Photo: Joe Raedle/Getty Images

San Francisco is about to become the largest U.S. city to allow noncitizens, including undocumented immigrants, to vote in school board races, reports the AP.

The backstory: Voters approved a proposal in 2016 to allow noncitizens with children in the city's school district to vote in local school board elections. Supporters say it would give immigrant parents a voice in how the city's public schools are operated.

The details: As of Monday, the registration deadline, only 35 noncitizens have signed up to do so, per the AP, citing the San Francisco's Department of Elections. State law allows people to register and vote on Election Day. The policy requires them to provide their address and date of birth to register.

The backdrop: Noncitizens are prohibited from voting in federal and statewide elections under federal law, but states and municipalities can set their own policies.

  • In Chicago, noncitizens are also allowed to vote in school board elections. 
  • College Park, Md. will allow noncitizens, including undocumented immigrants and student visa holders, to vote in local elections starting next year, per the Washington Post.
  • Ten other municipalities in Maryland's Montgomery and Prince George’s counties also allow noncitizens to vote in local elections, per the Baltimore Sun.

Flashback: Forty states had allowed noncitizens to vote in local and federal elections from 1776 until the 1920s, according to Ron Hayduk, a political scientist at San Francisco State University.

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Illustration: Sarah Grillo/Axios

  1. Global: Total confirmed cases as of 9:30 p.m. ET: 33,867,247 — Total deaths: 1,012,341 — Total recoveries: 23,537,059Map.
  2. U.S.: Total confirmed cases as of 8 p.m. ET: 7,229,319 — Total deaths: 206,887 — Total recoveries: 2,840,688 — Total tests: 103,939,667Map.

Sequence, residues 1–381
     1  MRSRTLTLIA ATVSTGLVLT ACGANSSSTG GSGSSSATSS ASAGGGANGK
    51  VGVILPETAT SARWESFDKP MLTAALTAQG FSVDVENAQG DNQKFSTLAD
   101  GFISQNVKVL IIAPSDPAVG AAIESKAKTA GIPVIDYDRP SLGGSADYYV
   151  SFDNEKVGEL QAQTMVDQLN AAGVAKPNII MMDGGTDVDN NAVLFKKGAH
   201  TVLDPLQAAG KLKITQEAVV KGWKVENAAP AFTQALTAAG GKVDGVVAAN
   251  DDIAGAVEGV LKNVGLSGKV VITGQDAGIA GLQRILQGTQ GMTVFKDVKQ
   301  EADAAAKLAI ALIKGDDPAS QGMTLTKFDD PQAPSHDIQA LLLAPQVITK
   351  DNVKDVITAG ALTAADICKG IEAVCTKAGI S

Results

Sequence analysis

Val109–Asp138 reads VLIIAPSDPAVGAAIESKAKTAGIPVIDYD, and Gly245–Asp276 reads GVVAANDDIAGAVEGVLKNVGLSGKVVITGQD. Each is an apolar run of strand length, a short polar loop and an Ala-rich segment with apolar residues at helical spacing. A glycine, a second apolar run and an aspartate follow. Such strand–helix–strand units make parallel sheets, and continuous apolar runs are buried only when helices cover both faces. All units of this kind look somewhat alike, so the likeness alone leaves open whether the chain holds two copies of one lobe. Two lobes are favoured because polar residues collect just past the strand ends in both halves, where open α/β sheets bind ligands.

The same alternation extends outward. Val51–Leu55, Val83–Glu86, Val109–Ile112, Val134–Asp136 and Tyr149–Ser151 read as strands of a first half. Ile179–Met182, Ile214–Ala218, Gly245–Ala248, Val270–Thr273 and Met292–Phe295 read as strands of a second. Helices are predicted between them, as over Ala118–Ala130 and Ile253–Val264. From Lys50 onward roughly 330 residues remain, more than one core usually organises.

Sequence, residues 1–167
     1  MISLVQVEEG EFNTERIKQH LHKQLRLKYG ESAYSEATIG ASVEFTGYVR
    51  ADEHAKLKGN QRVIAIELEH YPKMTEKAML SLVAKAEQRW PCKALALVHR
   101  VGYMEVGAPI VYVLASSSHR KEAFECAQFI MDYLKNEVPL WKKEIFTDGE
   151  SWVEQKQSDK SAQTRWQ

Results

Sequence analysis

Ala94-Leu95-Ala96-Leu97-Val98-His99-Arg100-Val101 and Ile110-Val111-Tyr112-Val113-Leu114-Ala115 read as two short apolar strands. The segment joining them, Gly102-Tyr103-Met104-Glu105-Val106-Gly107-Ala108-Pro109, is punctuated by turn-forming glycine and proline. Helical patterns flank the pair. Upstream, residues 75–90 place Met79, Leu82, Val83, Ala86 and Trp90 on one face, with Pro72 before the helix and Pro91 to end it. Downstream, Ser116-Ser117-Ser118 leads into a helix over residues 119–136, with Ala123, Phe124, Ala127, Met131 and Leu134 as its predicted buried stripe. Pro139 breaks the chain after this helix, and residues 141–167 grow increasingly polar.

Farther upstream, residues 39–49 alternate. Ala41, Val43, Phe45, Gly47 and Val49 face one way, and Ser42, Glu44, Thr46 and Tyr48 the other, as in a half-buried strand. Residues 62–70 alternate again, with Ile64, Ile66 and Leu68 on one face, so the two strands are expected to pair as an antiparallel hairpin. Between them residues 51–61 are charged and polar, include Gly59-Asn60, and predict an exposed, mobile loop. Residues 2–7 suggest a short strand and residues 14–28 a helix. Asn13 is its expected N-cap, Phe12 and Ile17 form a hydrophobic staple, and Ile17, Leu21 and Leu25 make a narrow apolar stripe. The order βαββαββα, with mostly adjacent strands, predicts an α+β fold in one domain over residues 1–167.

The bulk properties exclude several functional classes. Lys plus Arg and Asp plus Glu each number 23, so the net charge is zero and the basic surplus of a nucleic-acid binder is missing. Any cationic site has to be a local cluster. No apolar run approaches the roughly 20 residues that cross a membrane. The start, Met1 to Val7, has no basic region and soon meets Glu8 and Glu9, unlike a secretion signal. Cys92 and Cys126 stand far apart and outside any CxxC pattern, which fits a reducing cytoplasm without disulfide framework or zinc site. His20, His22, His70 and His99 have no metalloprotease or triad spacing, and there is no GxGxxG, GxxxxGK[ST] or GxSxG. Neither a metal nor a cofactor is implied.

3. Education: School-aged children now make up 10% of all U.S COVID-19 cases.
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  5. Business: Real-time data show economy's rebound slowing but still going.
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Facebook removes Trump ads tying refugees to COVID-19

Photo Illustration: Aïda Amer/Axios. Photo: Saul Loeb/AFP via Getty Images

Facebook said Wednesday that it was removing a series of ads from President Trump's campaign that linked American acceptance of refugees with increased coronavirus risk, a connection Facebook says is without merit.

Why it matters: The ads were pulled after they received thousands of impressions and are a sign that the Trump campaign continues to test the limits of social media rules on false information.

Over 73 million people watched the first debate on TV

Data: Nielsen; Chart: Andrew Witherspoon/Axios

More than 73.1 million people watched the first presidential debate on television on Tuesday night, according to Nielsen ratings.

Why it matters: While that's a sizable audience for any American TV program, it's down more than 13% from the record number of TV viewers who tuned in for the first debate of the 2016 election. The chaotic nature of the debate and the overall uncertainty around this year's election may have pushed some viewers away.

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